Facing Financial Insecurity? Then It’s Time To Do The Tough Things

Woman Reaches Financial SecurityPeople love to criticize.  Somehow it makes them feel better.  Truth is, down deep it gives them an excuse for not taking the action they know they themselves should take.

I learned about that when I lost everything to a series of bad (but well-intentioned) business decisions in 2001.  Facing the loss of my house, the maxed-out personal and business credit cards, and my target market that was reeling from the effects of September 11, I made the decision to drastically reduce my “financial footprint.”

That translated into selling my dream house and moving to the least expensive—yet safe—housing option I could find: a mobile home on a little lake in South Florida. I had never been inside one before in my life, but the numbers looked right.

Just that one move cut my fixed monthly expenses by over 70 percent, and gave me the breathing room I needed to decide what to do next.  It allowed me to “reinvent” myself in a much healthier, balanced space.

(Just as important was the fact that my fixed expenses determined the level of all the rest of my expenses.  Funny how that works …)

That decision seemed very logical and sane to me.  But I remember most of my friends’ reactions:  “You’re going to live where?”  “You, Sharon, who lived in penthouses and posh Paris addresses?”  “You can’t do that, what will people think?”

Ah, that was the rub.  What … will … people … think.

Times are very different in 2010 than they were in 2001.  The housing market has tanked, the economy’s a mess, and discussing personal financial difficulties is far more acceptable than it was then.  But the lessons are the same.

Many of us have gone through life making decisions based on the moment and allowing ourselves to get wrapped up in the day-to-day without thinking of tomorrow.  (“Tomorrow’s another day.”  “We’ll worry about that tomorrow.”)  Well, now both today and tomorrow are very present in our minds.

I’ve discovered that those past decisions are surmountable.  But they require letting go of “what people will think” and making some tough decisions: the decisions that will put you on the steady path to future financial security.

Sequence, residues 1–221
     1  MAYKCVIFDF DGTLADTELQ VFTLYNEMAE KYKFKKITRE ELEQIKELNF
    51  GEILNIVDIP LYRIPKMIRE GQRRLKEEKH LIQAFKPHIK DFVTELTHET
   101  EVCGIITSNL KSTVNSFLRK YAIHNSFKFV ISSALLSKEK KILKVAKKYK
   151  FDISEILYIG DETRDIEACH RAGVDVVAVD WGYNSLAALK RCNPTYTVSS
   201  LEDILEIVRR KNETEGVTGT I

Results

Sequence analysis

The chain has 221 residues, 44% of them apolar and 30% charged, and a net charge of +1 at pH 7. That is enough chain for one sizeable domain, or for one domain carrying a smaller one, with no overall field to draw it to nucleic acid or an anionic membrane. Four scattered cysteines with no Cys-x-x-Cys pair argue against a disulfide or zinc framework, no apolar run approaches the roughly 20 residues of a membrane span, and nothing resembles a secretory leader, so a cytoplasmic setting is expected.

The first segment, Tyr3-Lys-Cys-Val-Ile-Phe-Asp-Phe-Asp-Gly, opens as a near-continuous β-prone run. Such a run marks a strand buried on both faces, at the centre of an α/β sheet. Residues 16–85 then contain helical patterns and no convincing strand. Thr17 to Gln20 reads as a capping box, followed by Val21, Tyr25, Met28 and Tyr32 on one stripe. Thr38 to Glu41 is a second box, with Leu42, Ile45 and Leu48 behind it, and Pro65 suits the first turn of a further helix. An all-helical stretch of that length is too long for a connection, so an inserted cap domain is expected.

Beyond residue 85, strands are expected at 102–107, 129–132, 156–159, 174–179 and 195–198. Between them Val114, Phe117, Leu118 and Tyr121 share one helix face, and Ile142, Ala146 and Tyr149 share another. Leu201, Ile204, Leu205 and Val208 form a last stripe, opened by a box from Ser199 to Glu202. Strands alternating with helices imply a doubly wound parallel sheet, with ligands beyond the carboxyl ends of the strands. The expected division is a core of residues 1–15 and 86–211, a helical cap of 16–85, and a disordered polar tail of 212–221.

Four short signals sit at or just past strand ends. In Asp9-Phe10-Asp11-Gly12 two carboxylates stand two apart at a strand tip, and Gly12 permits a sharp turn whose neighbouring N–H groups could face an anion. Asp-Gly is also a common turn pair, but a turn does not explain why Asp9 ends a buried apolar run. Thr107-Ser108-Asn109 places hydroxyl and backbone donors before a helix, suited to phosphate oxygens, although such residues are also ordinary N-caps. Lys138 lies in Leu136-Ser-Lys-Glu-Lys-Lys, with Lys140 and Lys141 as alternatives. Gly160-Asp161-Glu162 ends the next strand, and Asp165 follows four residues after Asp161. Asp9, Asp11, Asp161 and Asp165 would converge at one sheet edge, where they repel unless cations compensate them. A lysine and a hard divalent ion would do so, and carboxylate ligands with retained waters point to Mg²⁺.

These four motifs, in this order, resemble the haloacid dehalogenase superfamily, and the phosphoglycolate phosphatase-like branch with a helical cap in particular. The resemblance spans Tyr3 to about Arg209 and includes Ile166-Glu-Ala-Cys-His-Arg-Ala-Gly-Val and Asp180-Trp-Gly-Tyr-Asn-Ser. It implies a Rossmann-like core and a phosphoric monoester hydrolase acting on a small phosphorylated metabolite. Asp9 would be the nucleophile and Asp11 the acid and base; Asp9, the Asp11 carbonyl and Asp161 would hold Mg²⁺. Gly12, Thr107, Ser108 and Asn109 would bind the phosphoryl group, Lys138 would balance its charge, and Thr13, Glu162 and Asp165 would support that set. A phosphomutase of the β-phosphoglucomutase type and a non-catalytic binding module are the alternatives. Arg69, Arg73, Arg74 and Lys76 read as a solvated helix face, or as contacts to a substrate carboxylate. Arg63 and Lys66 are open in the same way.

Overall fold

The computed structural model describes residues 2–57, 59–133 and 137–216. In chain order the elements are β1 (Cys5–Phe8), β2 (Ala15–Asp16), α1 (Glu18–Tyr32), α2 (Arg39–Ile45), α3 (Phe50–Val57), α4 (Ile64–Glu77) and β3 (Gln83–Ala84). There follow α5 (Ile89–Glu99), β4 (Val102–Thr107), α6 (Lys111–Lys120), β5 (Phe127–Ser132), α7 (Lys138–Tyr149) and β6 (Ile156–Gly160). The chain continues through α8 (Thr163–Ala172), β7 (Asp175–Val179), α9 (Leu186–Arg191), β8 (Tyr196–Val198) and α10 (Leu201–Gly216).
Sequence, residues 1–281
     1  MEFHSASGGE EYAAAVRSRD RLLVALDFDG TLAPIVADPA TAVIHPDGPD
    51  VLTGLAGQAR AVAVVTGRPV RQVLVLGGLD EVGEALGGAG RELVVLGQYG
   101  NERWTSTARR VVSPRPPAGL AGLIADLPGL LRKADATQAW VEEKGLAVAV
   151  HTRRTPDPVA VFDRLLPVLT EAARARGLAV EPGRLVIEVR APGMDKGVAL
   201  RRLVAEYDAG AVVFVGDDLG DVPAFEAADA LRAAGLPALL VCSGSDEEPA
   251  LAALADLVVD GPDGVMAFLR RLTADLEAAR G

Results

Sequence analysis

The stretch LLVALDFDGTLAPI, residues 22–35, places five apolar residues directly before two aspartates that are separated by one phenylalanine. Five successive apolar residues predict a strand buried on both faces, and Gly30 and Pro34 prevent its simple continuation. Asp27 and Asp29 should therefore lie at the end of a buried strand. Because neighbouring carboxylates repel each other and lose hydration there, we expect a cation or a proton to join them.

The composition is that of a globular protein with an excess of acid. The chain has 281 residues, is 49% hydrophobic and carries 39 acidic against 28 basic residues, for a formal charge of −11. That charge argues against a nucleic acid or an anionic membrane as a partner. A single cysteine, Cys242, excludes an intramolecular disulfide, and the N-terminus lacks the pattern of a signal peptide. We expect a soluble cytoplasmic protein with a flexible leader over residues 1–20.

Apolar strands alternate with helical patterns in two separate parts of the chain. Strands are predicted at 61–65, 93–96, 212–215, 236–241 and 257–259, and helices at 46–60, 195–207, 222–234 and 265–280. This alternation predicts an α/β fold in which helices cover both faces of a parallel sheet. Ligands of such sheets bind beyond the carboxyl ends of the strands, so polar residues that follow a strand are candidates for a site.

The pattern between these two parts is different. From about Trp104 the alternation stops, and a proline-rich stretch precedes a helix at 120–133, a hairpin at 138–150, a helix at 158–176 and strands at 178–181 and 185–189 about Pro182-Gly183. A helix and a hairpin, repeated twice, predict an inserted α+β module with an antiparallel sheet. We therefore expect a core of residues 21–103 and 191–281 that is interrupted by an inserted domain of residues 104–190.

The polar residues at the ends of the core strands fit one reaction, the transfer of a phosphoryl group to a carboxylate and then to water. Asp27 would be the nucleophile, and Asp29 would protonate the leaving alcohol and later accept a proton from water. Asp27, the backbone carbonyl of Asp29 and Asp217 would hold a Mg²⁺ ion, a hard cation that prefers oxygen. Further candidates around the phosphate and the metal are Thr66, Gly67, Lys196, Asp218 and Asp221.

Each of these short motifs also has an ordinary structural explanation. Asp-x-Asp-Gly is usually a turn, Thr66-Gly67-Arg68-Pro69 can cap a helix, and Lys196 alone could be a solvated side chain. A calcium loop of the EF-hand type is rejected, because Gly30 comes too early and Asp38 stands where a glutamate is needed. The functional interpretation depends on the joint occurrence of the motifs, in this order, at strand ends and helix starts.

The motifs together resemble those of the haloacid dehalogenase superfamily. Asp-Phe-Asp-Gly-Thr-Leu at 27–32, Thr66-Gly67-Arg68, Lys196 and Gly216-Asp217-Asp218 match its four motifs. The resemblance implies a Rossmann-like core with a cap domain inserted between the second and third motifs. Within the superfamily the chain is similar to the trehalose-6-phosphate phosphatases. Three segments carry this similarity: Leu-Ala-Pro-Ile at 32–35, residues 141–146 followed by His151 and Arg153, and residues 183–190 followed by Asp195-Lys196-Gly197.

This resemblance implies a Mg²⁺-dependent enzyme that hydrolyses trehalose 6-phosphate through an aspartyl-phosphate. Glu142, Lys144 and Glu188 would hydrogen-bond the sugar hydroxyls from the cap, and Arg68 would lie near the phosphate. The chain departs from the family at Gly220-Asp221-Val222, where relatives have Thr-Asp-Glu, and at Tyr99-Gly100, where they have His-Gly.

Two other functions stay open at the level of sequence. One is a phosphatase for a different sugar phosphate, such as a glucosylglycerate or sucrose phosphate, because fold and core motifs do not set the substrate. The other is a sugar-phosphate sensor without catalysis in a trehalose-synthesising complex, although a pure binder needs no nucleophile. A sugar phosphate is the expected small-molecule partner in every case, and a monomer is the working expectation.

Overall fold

If a decision is gripping you in your gut, my heartfelt advice is to follow that old adage:  “Feel the fear and do it anyway.”

The peace of mind that comes from taking full responsibility for yourself by making the tough decisions is massive.  And the pride that comes from knowing that when Life throws you a curve ball, you catch it and throw it back, is what will ultimately lead you to a future that is solid and financially secure.

(By the way, those concerned friends?  Their homes are larger than ever and many are struggling with foreclosure or renegotiating mortgages.  And, whereas I’m debt-free, they’re in more debt than ever.  Fortunately, some have already called and asked me how to do what I’ve done.)

So, if you’re looking for some good company on your journey to financial security, or proof that someone else has done it and done it successfully, click here to follow me on Facebook where you’ll find kindred souls.

You have my 100% support!

  • Ellodee

    I am so so grateful that you are in my life!
    Thank you for your assistance with all that is going on with me. Between you and me and this is not a sell it is to let you know that I have found a cd that I play a lot of the day and sit with as well each day. Its called Create Your Day, by Twin Flame.
    It was inspired by ‘What the Bleep.’ I look very forward to hearing all about your special time in Chicago! El

  • Sharon,

    Through your transparency and experience, I truly value your financial insights… I will be glued to your every article! Thank you!

  • Good for you Sharon! I love the way you faced your challenges and made such an incredibly brave choice to solve your problem quickly. Have a happy Thanksgiving holiday!

    Lily

  • WorkingBoomer

    I can relate with this to a certain degree.  I took a big loss too.  We have to do what we have to do.  I always say, “It is me that has to pay my bills.” 

  • I love your attitude Sharon! I can relate to what you’ve been through and it really is easier to do the sensible thing financially once you stop worrying about what other people think! And as you point out, many of them are now facing similar financial dilemmas so they are too busy worrying about their own situation. There is no shame in taking responsibility for your life!